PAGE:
Kick the butt now. It’s never too late to quit smoking | columns | Hindustan Times
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Kick the butt now. It’s never too late to quit smoking

In India, tobacco causes 100,000 deaths each year, leading to 1 in 20 deaths in women and 1 in five deaths in men.

columns Updated: Dec 18, 2017 12:51 IST
Sanchita Sharma
Studies show that people who began smoking as young adults but stopped before age 40 avoid more than 90% of the health risks of those who continue over the next few decades.
Studies show that people who began smoking as young adults but stopped before age 40 avoid more than 90% of the health risks of those who continue over the next few decades.

Tobacco is the only legal consumer product that, when used as intended, kills half of its long-term users.

With countries around the world adopting a slew of initiatives – raising taxes, announcing bans, enforcing smoke-free public spaces, graphic warnings labels and plain packaging – to lower tobacco use, the US Food and Drug Administration (FDA) on Friday announced a new roadmap for tobacco and nicotine regulation, to tackle its ‘devastating addiction crisis’ and better protect children.

Moving beyond warning labels and smoke-free spaces, the US FDA will lower nicotine in cigarettes to ‘non-addictive’ levels.

The FDA also delayed its regulation of additional tobacco products, such as e-cigarettes and flavoured vaping liquids, because it said it needs more time to set a comprehensive framework for regulation.

Both actions are aimed at striking an “appropriate balance” between regulation and the development of innovative tobacco products that are less dangerous than cigarettes, which delivers nicotine through smoke particles, which is the most damaging kind of delivery mechanism for the substance.

A typical cigarette contains between 0.5 gm and 1 gm of tobacco and, on average, 10 mg of nicotine, which, when smoked, reaches the brain within 7 seconds of inhalation. A typical smoker absorbs 1 mg to 2 mg of nicotine, with nicotine’s elimination half-life – the level in the blood halves after you stop smoking – being two to three hours.

Bidis, widely believed to be safer, are actually even more deadly than cigarettes. Nicotine concentrations in the tobacco of bidis (21.2 mg / gm) are significantly higher than the concentrations in manufactured filtered (16.3 mg / gm) and unfiltered cigarettes (13.5 mg / gm).

A typical smoker absorbs 1 mg to 2 mg of nicotine, with nicotine’s elimination half-life – the level in the blood halves after you stop smoking – being two to three hours.

Legal addiction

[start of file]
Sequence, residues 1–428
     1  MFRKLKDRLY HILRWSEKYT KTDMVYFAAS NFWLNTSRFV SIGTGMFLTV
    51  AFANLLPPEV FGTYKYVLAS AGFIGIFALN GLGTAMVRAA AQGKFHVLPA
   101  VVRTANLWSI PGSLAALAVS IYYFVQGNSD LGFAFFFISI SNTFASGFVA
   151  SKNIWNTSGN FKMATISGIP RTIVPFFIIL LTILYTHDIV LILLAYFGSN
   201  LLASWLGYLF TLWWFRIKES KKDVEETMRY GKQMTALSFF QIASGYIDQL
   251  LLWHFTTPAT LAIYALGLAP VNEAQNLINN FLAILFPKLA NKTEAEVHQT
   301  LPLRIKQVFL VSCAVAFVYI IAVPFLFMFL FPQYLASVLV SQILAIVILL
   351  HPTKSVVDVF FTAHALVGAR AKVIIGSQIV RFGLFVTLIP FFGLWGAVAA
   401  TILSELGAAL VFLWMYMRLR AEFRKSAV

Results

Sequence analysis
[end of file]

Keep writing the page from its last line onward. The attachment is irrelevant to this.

Tobacco use killed 6.4 million people worldwide in 2015, accounting for 11.4% of global deaths, reported The Lancet. It’s the second biggest cause of early death and chronic disease, show data from 195 countries.

Smoking also kills those who don’t smoke: exposure to secondhand smoke kills 890,000 non-smokers each year, estimates the World Health Organisation.

More than half of the smoking-related deaths (52.2%) in 2015 took place in just four countries -- China, India, the US and Russia. Based on population growth trends and current smoking patterns, annual tobacco-attributable deaths are expected to cross 10 million worldwide in a few decades, with most deaths occurring in low- and middle-income countries.

In India, tobacco causes 100,000 deaths each year, leading to 1 in 20 deaths in women and 1 in five deaths in men. The loss to economy from tobacco-related disease and premature death in India was a staggering Rs 104,500 crore in 2011.

Raising taxes, using pictorial warnings on products and banning advertising, smoking in public spaces and sale to minors helps lower tobacco use by reducing the number of young people starting to smoke and increasing the number of smokers who quit.

These measures have helped India reduce tobacco use by 6% in 7 years. Tobacco consumption in India fell from 34.6% in 2009-10 to 28.6% in 2016-17, with 810,000 fewer people using tobacco, show data from the Global Adult Tobacco Survey, 2017. The fall was the sharpest in young people aged 15 to 24, with tobacco use in this segment falling by 33%, from 18.4% in 2010 to 12.4% in 2017. Young people on average are also lighting up later, with the average age of regular tobacco use rising from 17.9 years to 18.9 years.

Quitting tobacco

Apart from cessation aides such as patches, gum and counselling, e-cigarettes – which deliver nicotine without the other health-damaging substances added to cigarettes – are also being considered as tools to help smokers quit.

A study in the BMJ this week adds to evidence that e-cigarettes help smokers quit their addiction.

The severity of withdrawal symptoms vary between people and genders – physiologically, women have a tougher time quitting – and depend on the number of cigarettes smoked and the duration of the addiction, but symptoms remain the same.

Most people experience cravings, irritability, frustration, anger, anxiety, depression, difficulty concentrating, restlessness and increased appetite, which may cause weight gain. Withdrawal peaks between 24 and 48 hours after cessation, decreasing gradually over the next few weeks.

But the benefits are huge. Those who have smoked since early adulthood but stop at ages 30, 40, or 50 gain about 10, 9, and 6 years of life expectancy respectively.

People who began smoking as young adults but stopped before age 40 avoid more than 90% of the health risks of those who continue over the next few decades. And those who stop at 50 avoid more than half the health risks.

So you see, it’s never too late to stop.